#EdTechRations – Emergency Rations

Back in 2014, I contributed a book chapter to David Hopkins‘ excellent book The Really Useful #EdTechBook. The book was incredibly well-received within the learning technology sphere. The experience for me, personally and professionally, was a very good one. So much so, that I asked David to consider me if he were to produce a follow-up to his book. Fast-forward to July 2016. Out of the blue, I get an email from David to say that he has a couple of ideas for some books and would I be interested? Too bloody right I said!

The idea that David eventually ran with is the book that became #EdTechRations – Emergency Rations: What’s so important we can’t leave it at home?. This is now available on Kindle or paperback through Amazon UK. Through David’s networks (both physical and virtual), he has assembled a stellar ‘cast’ of teachers, academics, learning technologists, instructional designers, managers, administrators, thought leaders, and change-agents who ponder the simple question:

What is the technology you find yourself turning around and going home for if you forget it. What can’t leave at home or work, what do you feel naked without? (in your bag, in your pocket, wearable, etc.)?

When I say “stellar cast”, I mean the likes of Steve Wheeler, Eric Stoller, Sue Beckingham, Jackie Carter, Ryan Tracey, Stephen Heppell, Alec Couros, Jane Bozarth, Bryan Mather, Amy Burvall, Julian Stodd, Jane Secker and many, many more talented and well-respected individuals. Each chapter by the 40-odd authors is different and unique.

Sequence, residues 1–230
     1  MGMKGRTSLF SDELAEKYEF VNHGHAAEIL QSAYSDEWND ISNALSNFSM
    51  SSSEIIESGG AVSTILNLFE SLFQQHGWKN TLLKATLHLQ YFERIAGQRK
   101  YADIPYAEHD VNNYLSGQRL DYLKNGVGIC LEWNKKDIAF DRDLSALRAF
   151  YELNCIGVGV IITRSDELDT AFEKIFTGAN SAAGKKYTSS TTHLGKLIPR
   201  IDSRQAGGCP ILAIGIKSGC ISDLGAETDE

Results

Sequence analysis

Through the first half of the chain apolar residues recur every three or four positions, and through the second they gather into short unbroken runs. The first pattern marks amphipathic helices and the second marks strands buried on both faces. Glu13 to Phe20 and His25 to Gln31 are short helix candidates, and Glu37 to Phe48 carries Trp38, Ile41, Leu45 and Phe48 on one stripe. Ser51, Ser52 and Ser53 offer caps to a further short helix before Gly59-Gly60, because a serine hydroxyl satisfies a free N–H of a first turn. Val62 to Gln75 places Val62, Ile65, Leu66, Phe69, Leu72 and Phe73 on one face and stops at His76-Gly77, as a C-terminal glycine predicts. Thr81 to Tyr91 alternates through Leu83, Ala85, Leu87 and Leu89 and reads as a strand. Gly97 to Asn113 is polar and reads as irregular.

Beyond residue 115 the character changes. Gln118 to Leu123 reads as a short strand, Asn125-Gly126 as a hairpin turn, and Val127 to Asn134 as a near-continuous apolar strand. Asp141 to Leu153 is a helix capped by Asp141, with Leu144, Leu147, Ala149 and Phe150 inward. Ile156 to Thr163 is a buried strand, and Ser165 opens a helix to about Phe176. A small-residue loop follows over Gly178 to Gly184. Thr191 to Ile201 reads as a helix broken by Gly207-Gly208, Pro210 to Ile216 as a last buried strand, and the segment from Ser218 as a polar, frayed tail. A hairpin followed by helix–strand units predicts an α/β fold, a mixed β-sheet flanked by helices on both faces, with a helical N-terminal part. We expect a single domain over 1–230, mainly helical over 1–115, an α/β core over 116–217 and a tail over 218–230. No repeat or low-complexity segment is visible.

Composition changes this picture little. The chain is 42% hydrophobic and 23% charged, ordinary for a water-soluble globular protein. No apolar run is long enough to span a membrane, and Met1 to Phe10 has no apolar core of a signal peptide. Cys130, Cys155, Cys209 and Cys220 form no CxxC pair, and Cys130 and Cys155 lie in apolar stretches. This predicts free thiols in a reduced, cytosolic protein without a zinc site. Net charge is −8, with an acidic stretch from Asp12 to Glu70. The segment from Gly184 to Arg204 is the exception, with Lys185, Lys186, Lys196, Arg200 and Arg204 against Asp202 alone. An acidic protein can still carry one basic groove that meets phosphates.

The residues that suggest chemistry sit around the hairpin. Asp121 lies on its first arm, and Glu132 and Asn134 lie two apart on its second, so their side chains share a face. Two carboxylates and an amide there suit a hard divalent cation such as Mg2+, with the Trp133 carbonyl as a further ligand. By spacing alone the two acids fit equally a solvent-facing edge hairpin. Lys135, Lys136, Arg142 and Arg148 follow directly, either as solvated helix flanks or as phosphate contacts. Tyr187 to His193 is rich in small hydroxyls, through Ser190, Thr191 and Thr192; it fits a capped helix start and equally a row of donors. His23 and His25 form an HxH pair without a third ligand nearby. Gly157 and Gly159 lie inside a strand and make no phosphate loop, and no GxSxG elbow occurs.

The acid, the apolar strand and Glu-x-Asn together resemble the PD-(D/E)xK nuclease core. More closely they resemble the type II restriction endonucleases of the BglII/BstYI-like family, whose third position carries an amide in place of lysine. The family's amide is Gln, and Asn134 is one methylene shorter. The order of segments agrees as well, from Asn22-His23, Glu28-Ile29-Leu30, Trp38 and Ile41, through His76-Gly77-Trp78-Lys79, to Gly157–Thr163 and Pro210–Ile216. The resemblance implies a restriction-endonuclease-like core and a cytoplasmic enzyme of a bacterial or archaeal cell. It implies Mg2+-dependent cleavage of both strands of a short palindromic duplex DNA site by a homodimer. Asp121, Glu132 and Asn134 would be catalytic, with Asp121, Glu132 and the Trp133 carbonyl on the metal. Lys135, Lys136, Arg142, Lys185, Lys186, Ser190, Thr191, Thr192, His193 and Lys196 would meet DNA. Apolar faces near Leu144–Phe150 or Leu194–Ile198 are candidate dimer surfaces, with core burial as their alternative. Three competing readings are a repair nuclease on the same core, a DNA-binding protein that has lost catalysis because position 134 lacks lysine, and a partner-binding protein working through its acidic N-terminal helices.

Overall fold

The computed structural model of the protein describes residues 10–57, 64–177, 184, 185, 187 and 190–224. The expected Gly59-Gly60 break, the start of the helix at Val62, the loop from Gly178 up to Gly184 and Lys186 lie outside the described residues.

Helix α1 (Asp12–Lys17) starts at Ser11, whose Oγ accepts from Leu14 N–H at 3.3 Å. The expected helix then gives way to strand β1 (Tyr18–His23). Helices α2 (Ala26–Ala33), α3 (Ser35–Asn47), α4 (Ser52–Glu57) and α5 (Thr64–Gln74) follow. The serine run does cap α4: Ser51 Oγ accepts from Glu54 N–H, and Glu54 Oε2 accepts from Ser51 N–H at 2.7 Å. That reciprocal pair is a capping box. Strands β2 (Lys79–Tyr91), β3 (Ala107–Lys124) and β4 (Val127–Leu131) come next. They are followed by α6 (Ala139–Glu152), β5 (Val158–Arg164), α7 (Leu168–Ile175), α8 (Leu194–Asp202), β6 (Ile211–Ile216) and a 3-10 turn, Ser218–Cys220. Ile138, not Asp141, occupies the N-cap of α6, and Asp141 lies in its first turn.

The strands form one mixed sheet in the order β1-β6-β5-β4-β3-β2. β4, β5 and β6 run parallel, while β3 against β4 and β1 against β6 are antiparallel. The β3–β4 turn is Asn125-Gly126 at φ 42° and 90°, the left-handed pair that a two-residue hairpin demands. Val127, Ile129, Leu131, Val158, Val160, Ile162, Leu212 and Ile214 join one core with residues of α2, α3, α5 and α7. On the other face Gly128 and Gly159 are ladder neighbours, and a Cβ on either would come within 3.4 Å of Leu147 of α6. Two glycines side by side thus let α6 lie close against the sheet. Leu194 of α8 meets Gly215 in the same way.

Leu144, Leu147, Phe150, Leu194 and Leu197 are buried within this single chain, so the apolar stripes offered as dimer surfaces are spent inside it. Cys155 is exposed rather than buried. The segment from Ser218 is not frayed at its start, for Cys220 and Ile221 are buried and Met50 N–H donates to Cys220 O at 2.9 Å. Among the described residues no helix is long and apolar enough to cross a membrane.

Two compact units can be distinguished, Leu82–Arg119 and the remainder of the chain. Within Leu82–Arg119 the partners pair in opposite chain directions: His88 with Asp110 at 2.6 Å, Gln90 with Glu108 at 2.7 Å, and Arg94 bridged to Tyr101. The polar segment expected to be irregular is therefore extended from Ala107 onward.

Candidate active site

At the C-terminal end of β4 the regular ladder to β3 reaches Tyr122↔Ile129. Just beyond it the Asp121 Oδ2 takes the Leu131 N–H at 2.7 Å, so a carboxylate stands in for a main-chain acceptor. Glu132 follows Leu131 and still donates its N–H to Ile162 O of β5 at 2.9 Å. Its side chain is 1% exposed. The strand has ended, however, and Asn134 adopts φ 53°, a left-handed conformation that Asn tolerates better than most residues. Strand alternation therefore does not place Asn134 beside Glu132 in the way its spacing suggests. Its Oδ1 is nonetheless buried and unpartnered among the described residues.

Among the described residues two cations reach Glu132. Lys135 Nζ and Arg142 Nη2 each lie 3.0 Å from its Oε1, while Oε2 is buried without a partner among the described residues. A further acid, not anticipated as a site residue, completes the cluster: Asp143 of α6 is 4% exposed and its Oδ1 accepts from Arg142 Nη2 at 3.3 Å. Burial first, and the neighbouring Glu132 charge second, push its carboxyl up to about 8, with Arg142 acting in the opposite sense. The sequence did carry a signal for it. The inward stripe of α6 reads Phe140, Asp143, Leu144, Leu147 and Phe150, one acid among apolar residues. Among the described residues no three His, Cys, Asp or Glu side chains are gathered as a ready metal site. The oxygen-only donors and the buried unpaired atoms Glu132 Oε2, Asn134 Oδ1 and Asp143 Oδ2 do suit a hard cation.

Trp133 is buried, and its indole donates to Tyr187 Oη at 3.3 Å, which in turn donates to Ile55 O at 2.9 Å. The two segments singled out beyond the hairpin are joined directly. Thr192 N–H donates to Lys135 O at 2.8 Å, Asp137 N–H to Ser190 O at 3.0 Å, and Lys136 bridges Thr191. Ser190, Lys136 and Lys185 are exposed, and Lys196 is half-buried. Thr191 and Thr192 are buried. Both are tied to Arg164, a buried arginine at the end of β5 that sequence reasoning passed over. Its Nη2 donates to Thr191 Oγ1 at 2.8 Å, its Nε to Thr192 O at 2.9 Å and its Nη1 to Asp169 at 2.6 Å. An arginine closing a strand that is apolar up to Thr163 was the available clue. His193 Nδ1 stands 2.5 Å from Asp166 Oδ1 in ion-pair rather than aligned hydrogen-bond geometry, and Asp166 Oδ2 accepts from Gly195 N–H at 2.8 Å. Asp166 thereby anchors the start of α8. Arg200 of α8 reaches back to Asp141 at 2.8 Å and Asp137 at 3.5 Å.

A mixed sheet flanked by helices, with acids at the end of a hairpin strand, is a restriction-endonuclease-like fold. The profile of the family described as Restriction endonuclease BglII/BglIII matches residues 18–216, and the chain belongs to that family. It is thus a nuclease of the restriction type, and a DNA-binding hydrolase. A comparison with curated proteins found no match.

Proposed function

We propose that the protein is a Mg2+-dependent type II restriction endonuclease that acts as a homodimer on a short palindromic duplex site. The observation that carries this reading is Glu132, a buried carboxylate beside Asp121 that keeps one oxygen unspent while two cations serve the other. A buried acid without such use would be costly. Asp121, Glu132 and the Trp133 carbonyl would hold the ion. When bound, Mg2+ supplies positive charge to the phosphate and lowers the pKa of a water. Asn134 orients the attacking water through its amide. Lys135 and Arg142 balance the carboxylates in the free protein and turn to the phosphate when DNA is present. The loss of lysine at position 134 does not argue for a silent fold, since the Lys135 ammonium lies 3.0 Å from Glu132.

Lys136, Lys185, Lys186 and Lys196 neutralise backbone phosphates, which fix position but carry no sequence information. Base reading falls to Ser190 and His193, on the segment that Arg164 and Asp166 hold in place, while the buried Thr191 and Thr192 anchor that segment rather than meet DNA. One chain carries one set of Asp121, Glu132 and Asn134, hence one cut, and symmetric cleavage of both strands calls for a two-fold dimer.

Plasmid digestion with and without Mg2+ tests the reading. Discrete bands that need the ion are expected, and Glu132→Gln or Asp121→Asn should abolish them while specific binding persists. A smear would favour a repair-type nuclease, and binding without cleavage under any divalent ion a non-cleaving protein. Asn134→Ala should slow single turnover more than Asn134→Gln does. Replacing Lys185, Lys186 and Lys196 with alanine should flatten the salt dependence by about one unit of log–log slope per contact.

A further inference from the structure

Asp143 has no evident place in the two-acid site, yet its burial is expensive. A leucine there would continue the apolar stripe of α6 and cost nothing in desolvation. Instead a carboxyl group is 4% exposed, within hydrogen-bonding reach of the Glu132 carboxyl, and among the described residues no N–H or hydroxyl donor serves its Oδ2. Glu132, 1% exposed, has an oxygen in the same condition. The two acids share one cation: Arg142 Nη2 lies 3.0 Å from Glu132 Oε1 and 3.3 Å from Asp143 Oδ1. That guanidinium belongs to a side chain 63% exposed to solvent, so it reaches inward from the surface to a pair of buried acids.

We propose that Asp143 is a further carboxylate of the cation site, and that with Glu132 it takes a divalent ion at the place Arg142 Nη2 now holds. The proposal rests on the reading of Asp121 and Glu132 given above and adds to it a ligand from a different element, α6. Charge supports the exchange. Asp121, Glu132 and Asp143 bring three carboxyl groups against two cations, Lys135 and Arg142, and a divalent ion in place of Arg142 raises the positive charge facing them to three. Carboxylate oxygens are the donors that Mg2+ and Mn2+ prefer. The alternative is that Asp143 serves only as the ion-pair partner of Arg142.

What I find particularly interesting is that I have been able to look at these chapters through the lens of sociomateriality: the physical objects used; the spaces occupied (i.e. physical, transient, digital, virtual, biological and cognitive); the ideas and discourses that flow through, around and inbetween the objects, spaces and the user(s); the different manifestations of time (i.e. work time, play time, thinking tine, time across geographical boundaries); the policies, processes and procedures that enable this activity; the very performance of enacting the activity by the user(s) (i.e. writing on a blog); and the power relations that flow between objects, spaces, ideas, time, processes, performances and the user(s).

The question I am now asking myself is: Will I have to wait another two years before David Hopkins kindly asks me to contribute towards his next book?

I hope not! I can’t wait to see what he comes up with next…

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